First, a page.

By Dan Wilcock

Merriam-Webster defines the French word rentier as “a person who lives on income from property or securities.” Here in America, rentier is an uncommon word. Word’s spell-check underlines it.

But it may become a lot more common thanks to Capital in the Twenty-First Century, the bestselling 700-page overview of inequality in rich countries by Thomas Piketty. I just started reading it, and found myself looking up the word in the dictionary. He uses rentier frequently to describe people whose income derives from capital assets instead of direct payment for labor.

Even though Piketty’s book brilliantly uses data to show that the rentiers are grabbing an increasingly large percentage of total wealth, I can’t help but notice that the lines between rentiers and laborers are increasingly blurring in the rich countries he studies.

A great example of this blurring is the so-called “sharing economy,” which was the focus of a cover story in Wired magazine this month subtitled “how Airbnb, Lyft, and Tinder are teaching us to love strangers.”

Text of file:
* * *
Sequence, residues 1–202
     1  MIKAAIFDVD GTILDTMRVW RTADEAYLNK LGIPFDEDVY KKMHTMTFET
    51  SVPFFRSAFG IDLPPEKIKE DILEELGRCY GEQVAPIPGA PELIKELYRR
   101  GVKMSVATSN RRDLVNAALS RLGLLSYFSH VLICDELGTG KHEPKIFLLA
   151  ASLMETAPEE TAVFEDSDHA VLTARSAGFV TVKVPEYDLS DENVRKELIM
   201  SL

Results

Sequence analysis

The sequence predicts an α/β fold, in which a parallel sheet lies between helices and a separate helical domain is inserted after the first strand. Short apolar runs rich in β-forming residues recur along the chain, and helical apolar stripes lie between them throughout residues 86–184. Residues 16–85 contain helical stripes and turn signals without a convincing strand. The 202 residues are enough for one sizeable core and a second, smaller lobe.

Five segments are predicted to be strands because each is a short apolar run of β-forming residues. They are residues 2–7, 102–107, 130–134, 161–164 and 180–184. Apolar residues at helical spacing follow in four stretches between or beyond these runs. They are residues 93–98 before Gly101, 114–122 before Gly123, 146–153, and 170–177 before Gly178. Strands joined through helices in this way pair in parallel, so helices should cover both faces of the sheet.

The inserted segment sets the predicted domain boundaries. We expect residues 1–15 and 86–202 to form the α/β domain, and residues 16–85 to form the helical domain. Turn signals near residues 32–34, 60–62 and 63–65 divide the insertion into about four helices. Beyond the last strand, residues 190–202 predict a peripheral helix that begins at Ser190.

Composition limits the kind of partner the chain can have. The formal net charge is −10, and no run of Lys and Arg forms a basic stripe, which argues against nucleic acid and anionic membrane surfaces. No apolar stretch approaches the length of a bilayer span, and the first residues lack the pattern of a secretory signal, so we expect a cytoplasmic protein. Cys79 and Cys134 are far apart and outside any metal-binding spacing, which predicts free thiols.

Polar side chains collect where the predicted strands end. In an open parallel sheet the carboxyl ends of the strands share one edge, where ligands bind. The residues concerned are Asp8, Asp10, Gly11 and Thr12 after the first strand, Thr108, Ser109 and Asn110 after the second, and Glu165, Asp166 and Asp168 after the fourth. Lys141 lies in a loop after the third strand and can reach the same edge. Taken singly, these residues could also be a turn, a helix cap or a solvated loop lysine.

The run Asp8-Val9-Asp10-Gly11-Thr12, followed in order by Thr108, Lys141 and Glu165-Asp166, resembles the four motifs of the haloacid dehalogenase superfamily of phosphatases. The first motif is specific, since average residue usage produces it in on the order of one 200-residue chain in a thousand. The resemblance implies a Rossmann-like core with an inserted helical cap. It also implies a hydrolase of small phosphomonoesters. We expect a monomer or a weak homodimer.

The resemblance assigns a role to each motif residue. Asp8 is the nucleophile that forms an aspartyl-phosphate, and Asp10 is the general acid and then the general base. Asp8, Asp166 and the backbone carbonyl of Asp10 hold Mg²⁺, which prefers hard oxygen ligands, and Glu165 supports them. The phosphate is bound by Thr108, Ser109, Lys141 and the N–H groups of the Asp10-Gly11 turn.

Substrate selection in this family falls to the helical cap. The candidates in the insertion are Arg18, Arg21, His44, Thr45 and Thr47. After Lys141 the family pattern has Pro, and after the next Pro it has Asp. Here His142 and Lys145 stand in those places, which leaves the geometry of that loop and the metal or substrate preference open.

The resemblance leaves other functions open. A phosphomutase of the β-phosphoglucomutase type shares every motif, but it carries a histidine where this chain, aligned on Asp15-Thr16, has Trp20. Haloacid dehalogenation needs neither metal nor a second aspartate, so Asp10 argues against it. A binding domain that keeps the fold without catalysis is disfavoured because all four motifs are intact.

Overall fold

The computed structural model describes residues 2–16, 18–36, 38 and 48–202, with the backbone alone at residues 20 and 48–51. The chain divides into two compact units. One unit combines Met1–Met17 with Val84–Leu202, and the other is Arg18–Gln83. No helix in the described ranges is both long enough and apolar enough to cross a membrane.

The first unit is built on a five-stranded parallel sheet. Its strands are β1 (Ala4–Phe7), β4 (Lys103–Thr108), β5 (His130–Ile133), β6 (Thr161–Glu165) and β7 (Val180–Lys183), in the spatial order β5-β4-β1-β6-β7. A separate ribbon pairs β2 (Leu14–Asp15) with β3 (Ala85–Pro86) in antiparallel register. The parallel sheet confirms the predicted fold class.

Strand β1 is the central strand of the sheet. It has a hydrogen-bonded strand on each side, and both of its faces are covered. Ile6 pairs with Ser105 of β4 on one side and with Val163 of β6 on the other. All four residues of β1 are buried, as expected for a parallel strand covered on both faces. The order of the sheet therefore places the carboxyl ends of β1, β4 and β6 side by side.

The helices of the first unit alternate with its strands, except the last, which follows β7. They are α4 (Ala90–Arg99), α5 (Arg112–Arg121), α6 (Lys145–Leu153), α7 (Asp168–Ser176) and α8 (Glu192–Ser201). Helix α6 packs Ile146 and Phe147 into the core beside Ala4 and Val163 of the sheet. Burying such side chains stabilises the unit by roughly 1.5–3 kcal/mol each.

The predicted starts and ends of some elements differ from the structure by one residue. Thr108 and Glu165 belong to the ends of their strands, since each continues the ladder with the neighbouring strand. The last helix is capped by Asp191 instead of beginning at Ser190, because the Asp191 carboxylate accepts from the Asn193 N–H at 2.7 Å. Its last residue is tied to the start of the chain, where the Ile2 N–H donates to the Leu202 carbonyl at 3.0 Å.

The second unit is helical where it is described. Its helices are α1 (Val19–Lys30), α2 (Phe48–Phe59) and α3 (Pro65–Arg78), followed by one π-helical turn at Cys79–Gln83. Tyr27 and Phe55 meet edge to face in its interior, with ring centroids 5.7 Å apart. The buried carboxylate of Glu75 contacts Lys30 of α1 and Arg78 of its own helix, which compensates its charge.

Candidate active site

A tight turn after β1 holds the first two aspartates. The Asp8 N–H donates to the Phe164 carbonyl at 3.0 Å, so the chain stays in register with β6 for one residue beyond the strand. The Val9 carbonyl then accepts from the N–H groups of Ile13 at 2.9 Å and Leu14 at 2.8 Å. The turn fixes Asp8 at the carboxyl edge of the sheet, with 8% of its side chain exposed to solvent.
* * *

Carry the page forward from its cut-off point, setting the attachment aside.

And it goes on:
Is the owner of a late-model car who moonlights on nights and weekends by driving sloshy revelers around town for Uber a worker or a rentier? A bit of both, I think.

The Wired article opens with a day-in-the-life narrative of a 30-year old woman who works as a freelance yoga instructor and personal trainer when not picking up rides through Lyft. Doesn’t sound like dynastic wealth to me, but nor does it sound much like 9-to-5 for a pay-check labor.

I think the web is turning folks into micro rentiers. Traditional income streams, measured in per capita income and unemployment stats, may have flat-lined in recent years, which is a big factor in the rise of inequality. But the web is making it easier to unlock the asset potential of privately-owned stuff like cars and houses that until now were mostly financial liabilities.

I personally haven’t become a micro rentier yet. Security, privacy, and serenity are all things for which I’m willing to pay the opportunity cost of foregone income. But if I were squeezed, I’d definitely consider sticking my toe in these waters. Our economy may well squeeze most of us into these markets in the next few years, at least those without the keys to dynastic fortunes.

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